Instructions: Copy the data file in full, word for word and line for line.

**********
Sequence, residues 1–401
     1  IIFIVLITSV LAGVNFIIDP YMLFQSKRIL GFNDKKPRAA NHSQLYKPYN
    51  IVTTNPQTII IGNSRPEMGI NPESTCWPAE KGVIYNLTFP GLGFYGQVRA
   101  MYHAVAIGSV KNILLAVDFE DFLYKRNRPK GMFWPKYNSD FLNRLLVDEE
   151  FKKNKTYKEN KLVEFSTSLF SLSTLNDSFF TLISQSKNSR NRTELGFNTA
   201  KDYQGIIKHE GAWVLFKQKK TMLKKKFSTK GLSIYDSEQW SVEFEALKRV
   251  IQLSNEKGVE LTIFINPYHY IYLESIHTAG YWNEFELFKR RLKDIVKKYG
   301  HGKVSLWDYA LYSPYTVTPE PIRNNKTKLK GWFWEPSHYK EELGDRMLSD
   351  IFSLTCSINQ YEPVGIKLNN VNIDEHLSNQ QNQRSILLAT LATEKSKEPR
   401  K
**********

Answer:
Sequence, residues 1–401
     1  IIFIVLITSV LAGVNFIIDP YMLFQSKRIL GFNDKKPRAA NHSQLYKPYN
    51  IVTTNPQTII IGNSRPEMGI NPESTCWPAE KGVIYNLTFP GLGFYGQVRA
   101  MYHAVAIGSV KNILLAVDFE DFLYKRNRPK GMFWPKYNSD FLNRLLVDEE
   151  FKKNKTYKEN KLVEFSTSLF SLSTLNDSFF TLISQSKNSR NRTELGFNTA
   201  KDYQGIIKHE GAWVLFKQKK TMLKKKFSTK GLSIYDSEQW SVEFEALKRV
   251  IQLSNEKGVE LTIFINPYHY IYLESIHTAG YWNEFELFKR RLKDIVKKYG
   301  HGKVSLWDYA LYSPYTVTPE PIRNNKTKLK GWFWEPSHYK EELGDRMLSD
   351  IFSLTCSINQ YEPVGIKLNN VNIDEHLSNQ QNQRSILLAT LATEKSKEPR
   401  K